The Alito Effect
The Supreme Court issued three opinions today, upholding a Republican-engineered Congressional redistricting plan in Texas (League of United Latin American Citizens v. Perry), upholding a Pennsylvania ban on newspapers and magazines for prison inmates (Beard v. Banks) and ruling that states may bar foreign nationals from raising treaty rights not raised at trial (Sanchez-Llamas v. Oregon). Lyle Denniston has more at SCOTUSblog.
The Pennsylvania case is one in which Justice Alito, as a member of the 3rd U.S. Circuit Court of Appeals, was the lone dissenter voting to uphold the ban. He did not participate in today's ruling. Yesterday, Tom Goldstein posted his thoughts on the effect of Alito on the Court, noting:
"This timing of Justice O'Connor's retirement provides an unusual opportunity to isolate the effect of the appointment of Justice Alito on the Court's jurisprudence."
For the three cases reargued after O'Connor's departure, Goldstein offers "a very educated guess" on whether Alito's appointment changed their outcomes. In two of the three, he says, the answer is yes.
In Garcetti v. Ceballos, Goldstein notes that Justice Souter ended up writing no majority opinions from the Court's October sitting, while Justice Kennedy ended up writing two, of which Garcetti was one.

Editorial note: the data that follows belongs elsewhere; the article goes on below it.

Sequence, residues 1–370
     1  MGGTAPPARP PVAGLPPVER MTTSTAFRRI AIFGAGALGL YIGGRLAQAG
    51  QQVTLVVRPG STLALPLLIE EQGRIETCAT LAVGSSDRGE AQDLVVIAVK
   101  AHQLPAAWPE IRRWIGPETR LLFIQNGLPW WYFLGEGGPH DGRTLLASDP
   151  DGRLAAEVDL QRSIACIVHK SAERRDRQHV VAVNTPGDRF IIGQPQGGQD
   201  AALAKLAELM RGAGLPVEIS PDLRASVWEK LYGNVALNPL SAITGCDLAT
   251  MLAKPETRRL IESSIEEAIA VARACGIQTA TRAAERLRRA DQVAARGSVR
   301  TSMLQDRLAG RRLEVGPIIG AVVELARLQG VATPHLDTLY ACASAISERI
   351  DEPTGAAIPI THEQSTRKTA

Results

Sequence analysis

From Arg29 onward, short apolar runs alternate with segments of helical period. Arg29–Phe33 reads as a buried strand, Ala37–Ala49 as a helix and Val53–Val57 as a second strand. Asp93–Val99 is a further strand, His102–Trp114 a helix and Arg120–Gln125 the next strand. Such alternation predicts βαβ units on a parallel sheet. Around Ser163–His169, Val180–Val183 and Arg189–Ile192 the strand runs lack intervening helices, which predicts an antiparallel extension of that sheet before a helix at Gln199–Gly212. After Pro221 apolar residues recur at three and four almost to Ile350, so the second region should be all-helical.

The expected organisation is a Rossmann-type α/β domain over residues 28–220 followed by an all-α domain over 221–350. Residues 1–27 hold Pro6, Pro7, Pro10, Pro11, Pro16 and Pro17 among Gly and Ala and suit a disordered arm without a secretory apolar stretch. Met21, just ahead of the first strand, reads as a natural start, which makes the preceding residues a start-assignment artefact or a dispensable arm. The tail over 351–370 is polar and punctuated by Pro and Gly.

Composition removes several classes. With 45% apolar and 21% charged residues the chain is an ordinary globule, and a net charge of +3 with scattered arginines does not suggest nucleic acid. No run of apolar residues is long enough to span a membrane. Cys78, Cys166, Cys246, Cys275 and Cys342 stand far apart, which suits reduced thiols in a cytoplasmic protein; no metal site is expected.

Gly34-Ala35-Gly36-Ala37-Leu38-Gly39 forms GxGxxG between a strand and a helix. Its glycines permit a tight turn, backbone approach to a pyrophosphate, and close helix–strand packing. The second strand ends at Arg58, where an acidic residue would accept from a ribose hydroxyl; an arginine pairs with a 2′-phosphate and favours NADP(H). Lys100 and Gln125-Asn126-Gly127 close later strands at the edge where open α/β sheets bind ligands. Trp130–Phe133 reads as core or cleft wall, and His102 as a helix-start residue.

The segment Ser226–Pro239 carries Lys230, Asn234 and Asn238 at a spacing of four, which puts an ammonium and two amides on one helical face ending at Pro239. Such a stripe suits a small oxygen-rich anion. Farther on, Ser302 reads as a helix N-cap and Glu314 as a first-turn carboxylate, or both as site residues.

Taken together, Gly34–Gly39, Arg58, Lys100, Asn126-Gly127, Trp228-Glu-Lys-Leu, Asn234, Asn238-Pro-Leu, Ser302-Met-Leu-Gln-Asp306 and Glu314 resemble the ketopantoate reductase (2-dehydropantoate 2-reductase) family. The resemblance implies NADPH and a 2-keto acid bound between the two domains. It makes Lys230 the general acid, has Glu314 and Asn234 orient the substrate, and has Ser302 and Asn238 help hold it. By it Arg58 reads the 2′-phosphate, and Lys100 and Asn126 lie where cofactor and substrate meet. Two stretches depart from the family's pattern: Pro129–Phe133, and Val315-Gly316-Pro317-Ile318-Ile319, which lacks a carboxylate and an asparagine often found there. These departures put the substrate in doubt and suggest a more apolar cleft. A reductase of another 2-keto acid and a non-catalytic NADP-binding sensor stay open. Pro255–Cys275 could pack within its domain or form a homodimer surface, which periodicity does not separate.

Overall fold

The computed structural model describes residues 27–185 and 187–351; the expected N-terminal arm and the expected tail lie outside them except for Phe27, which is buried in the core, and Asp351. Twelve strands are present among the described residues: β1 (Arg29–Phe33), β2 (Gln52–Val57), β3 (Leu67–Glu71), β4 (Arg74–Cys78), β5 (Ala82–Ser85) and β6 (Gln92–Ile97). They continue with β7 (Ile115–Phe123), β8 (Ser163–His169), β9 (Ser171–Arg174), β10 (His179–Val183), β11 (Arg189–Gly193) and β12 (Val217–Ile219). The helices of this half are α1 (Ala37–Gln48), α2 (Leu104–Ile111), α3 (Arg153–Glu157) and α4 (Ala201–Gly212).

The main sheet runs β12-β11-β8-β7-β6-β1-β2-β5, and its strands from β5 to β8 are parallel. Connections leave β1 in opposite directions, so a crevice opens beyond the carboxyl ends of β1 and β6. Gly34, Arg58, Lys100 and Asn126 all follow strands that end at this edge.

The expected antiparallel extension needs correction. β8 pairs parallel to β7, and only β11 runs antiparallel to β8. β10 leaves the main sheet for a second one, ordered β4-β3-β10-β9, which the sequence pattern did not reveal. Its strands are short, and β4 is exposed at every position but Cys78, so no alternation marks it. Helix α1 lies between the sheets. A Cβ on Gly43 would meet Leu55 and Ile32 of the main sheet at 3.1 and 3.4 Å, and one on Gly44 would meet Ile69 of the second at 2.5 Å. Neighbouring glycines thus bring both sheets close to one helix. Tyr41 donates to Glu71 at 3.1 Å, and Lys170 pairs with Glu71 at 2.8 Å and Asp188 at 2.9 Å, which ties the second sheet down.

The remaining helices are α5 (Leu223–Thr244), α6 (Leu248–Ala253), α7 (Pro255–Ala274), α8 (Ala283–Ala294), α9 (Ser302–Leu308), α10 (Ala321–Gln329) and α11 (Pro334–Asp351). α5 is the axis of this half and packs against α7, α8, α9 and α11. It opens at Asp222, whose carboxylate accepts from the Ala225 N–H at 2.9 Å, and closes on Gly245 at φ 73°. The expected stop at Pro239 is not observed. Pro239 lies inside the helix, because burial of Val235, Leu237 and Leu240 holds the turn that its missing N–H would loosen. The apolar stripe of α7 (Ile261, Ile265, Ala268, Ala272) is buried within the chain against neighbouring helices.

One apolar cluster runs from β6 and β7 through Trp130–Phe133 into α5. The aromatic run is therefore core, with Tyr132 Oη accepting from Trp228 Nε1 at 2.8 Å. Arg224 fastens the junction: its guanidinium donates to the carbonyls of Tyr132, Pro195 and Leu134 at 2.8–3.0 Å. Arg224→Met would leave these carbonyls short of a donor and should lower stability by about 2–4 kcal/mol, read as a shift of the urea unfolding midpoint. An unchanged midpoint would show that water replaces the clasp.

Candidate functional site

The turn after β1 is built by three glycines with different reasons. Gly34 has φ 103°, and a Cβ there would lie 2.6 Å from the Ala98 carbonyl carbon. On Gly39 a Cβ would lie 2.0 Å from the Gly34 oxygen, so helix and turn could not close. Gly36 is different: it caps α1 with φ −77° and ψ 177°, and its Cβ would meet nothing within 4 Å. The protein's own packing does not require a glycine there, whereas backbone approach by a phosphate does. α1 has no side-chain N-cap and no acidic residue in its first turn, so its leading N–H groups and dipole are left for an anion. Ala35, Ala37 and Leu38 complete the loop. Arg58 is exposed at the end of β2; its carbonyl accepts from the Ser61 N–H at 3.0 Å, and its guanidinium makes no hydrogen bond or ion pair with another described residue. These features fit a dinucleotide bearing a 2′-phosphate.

"Because there were only 8 cases argued in October, no Justice should have ended up writing the opinions for the Court in two cases. ... So it is fair to conclude that Justice Souter had the majority before Justice O'Connor's retirement, then lost it when Justice Alito joined the Court."
Hudson v. Michigan suggests a similar scenario, Goldstein writes. While the eventual opinion was authored by Justice Scalia and the principal dissent was by Justice Breyer, the fact that Scalia ended up with two opinions from the January sitting and Breyer had none means "it is fair to conclude that Justice Breyer had the majority before Justice O'Connor's retirement, then lost it when Justice Alito joined the Court."
In the third reargument, Kansas v. Marsh, O'Connor's retirement appears not to have made a difference, Goldstein says.
"Justice Thomas ended up with no opinion from the December sitting, indicating that Marsh was the opinion he would have authored for that sitting had it not been reargued. Justice Souter wrote a majority opinion for that sitting, indicating he did not lose a majority from that sitting."
Posted by Robert J. Ambrogi on June 28, 2006 at 03:58 PM | Permalink
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